State insurance officials are preparing to release figures next week on how much health plans will cost under the Affordable Care Act for 2015, and rate increases seem inevitable as insurers say their new consumers are older and sicker than anticipated.
Hellas Verona defender Vangelis Moras is in Australia to donate bone marrow to his older brother Dimitris, who has leukemia.
Liberia's president late Wednesday ordered the nation's schools to shut down and most civil servants to stay home as an Ebola outbreak that already has killed more than 130 people in the country deepened.
The New York Health Department says it will appeal a federal claim for the return of more than $1.25 billion in Medicaid funds, saying federal authorities previously approved that funding and the claw back could hurt the state's health care system.
Recent editorials from Kentucky newspapers:
Recent editorials from North Carolina newspapers:
A private jet hit a utility pole that wasn't listed on aeronautical charts before running into trees and bursting into flames last February, killing a Georgia vascular surgeon and four colleagues, federal investigators said in a report released Wednesday.
The state's largest insurer says close to 45,000 Louisiana policyholders could see the rates for their health coverage jump anywhere from 10 percent to nearly 20 percent next year, and the Affordable Care Act is a major reason.
Recent editorials from Florida newspapers:
The Maryland Board of Physicians said Wednesday that it is seeking statutory authority to conduct criminal background checks on medical license applicants despite one member's concern that health care professionals are being singled out.
Recent editorials from Tennessee newspapers:
Southcentral Foundation has announced it will build a new three-story, $28 million building in a growing area that straddles the University of Alaska and the medical district.
A Florida mother is facing a felony charge after leaving her 2-month-old baby in a hot minivan parked outside a doctor's office for about an hour.
Surveys show about 20 percent of adults in Iowa smoke regularly, but but a much smaller percentage acknowledged their habit when signing up for insurance with federally mandated forms.
A Fairbanks priest has joined an alcohol treatment program following his arrest earlier this year on suspicion of driving under the influence.
A 72-year-old physically disabled man has suffered serious burns to his back and arms in fire at his apartment in Vermont.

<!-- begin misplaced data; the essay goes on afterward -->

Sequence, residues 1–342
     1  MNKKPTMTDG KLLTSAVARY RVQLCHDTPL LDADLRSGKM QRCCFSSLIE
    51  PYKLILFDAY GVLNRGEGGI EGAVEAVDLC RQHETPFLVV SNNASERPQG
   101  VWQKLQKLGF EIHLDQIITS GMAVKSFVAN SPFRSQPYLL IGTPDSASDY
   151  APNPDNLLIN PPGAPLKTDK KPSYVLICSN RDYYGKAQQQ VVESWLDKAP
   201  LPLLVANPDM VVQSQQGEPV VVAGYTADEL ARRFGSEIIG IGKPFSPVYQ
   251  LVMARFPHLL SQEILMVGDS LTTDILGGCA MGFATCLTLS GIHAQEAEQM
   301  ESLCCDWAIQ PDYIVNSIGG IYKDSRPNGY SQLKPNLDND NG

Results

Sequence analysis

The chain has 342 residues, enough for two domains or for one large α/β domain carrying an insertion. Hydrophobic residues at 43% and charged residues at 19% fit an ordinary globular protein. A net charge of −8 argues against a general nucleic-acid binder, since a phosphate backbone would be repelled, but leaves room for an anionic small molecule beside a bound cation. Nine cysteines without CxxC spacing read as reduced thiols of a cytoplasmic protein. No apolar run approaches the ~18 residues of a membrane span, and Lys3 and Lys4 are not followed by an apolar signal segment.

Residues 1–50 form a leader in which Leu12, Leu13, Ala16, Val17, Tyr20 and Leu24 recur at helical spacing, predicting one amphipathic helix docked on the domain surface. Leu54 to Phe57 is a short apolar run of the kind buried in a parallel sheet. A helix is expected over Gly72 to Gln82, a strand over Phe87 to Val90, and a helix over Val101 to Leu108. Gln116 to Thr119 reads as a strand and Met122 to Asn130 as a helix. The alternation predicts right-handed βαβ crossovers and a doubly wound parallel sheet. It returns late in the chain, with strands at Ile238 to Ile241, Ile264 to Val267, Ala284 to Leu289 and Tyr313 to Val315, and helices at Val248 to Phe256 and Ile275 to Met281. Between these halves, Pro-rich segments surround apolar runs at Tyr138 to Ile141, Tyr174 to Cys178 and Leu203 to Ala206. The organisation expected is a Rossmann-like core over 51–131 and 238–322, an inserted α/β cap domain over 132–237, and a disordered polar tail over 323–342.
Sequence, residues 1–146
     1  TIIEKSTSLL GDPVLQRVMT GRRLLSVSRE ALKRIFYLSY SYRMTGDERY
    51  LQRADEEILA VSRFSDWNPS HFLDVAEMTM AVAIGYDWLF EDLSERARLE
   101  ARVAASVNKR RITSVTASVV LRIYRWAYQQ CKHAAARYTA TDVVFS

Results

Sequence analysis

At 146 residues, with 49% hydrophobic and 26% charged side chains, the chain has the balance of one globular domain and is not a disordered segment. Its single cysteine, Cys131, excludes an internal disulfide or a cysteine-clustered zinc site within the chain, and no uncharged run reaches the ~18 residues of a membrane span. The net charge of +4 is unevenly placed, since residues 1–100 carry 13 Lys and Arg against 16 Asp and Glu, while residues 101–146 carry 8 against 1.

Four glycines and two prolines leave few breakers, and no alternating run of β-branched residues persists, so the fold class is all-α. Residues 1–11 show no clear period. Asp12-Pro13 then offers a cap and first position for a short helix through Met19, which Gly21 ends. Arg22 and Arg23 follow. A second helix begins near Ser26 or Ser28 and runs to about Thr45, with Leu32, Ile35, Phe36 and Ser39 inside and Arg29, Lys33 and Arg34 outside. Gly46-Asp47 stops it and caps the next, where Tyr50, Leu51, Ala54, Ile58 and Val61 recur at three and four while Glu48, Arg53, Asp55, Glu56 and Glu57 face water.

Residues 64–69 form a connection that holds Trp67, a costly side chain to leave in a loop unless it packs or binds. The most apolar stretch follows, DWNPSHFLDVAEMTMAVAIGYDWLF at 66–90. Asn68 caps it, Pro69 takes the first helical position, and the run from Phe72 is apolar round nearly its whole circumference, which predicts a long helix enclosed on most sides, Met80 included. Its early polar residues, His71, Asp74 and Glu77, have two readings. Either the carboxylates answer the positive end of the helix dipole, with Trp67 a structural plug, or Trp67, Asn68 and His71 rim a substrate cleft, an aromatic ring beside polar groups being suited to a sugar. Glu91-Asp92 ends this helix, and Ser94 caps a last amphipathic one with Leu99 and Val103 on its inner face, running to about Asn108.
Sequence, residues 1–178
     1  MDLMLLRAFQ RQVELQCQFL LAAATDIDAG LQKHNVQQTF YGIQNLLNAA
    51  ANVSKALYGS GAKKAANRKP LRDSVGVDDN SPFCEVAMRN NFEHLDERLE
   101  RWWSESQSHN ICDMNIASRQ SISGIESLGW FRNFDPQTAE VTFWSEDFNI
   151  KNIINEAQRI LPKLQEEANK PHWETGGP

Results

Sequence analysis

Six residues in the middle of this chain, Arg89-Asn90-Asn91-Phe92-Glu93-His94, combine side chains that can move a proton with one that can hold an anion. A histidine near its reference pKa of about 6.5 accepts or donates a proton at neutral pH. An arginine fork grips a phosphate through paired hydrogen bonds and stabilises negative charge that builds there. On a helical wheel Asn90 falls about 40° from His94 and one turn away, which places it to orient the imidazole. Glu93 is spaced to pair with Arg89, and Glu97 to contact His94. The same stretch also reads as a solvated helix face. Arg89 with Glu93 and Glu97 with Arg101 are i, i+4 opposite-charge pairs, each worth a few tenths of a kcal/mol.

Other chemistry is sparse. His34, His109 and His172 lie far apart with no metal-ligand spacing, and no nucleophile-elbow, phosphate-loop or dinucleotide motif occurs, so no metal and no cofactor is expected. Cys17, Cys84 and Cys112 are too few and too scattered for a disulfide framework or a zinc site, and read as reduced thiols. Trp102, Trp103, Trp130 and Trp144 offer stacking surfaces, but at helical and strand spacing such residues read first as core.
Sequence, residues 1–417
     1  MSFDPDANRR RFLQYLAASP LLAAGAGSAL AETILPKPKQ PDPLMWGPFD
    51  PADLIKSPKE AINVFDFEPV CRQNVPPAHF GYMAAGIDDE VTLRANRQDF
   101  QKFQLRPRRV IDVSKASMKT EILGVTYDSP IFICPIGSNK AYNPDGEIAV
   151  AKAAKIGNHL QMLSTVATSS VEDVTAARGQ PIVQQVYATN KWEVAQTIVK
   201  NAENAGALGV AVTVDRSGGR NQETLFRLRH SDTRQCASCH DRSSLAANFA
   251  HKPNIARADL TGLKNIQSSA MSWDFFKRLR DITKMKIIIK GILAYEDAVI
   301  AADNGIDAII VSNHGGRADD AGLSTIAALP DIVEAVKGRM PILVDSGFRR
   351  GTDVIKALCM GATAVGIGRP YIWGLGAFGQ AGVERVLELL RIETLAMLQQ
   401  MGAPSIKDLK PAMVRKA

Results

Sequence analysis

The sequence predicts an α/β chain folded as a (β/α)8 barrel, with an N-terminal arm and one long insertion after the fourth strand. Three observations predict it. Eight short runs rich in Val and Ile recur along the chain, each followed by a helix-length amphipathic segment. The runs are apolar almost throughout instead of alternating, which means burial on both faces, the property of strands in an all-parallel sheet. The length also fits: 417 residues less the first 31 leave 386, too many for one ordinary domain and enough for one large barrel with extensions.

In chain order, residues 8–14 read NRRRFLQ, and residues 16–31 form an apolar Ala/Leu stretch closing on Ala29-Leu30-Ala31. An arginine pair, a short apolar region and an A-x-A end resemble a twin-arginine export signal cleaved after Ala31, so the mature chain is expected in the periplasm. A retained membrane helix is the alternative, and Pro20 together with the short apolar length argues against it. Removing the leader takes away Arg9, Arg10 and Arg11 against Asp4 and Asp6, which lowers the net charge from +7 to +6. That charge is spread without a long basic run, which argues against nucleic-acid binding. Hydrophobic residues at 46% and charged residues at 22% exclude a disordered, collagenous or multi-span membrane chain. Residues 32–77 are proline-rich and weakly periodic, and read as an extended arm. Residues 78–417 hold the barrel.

A new bill signed into Illinois law says trained personnel at schools statewide will be able to administer injectable epinephrine for those appearing to have strong allergic reactions.
The son of a North Carolina-based missionary says his mother is fighting the Ebola virus while in isolation in Liberia.
New York's governor wants to speed up the implementation of the state's new medical marijuana law to help children with epilepsy get medication more quickly.
A rural Kathryn woman charged with the deaths of eight horses had a seizure in court and was taken to a hospital.
Federal prosecutors say the operators of a Baton Rouge medical equipment supplier will be sentenced in November following their guilty pleas to federal health care fraud charges.
A Birmingham hospital is disputing a man's account that his penis was amputated at its facility.
An online marketplace for farmers markets and a nonprofit Connecticut health insurance company are launching a new program to bring local, fresh food to Fairfield County residents.
Spending more money on prevention programs and working harder to keep guns out of the wrong hands are among the proposals floated by a group in Cleveland working to slow down youth violence.
The Veterans Affairs Department said it wants to fire two supervisors accused of manipulating health care data in Colorado and Wyoming.
About 2.5 million California adults remain uninsured after the first open enrollment period for the new federal health law, and the state will face even bigger challenges in reaching those people, particularly Latinos, according to a survey released Tuesday by a national health policy nonprofit.
The trial of three people charged in a deadly salmonella outbreak linked to a southwest Georgia peanut plant could keep jurors tied up for more than two months, the trial judge said Wednesday.
An Eau Claire pediatrician acquitted of most sexual assault charges against him agreed to give up his medical license so the remaining counts will be dismissed.
A federal judge has rejected an attempt by seven former professional football players to intervene in a tentative class action settlement of concussion claims that would cost the NFL at least $765 million.
The Hattiesburg Public School District has joined in a federal program that will allow the district to serve free breakfasts and lunches to every student.
Congress is set to adopt a landmark bill to help veterans avoid long waits for health care, hire more doctors and nurses to treat them and make it easier to fire senior executives at the Veterans Affairs Department. The House approved the bill Wednesday, with a Senate vote expected by the end of the week.
Minnesota House Democrats hope to pass a bill next session requiring that employers provide contraceptives to workers.
Recent editorials from South Carolina newspapers:
Recent editorials from West Virginia newspapers:
A dog attack killed a two-week old Hawaiian monk seal pup and injured four other seals on Kauai, federal authorities said Wednesday.
Health insurer Humana Inc.'s second-quarter net income fell by 18 percent as investments in health care exchanges and state-based contracts along with higher specialty drug costs more than offset continued membership growth in its Medicare Advantage and prescription drug plans.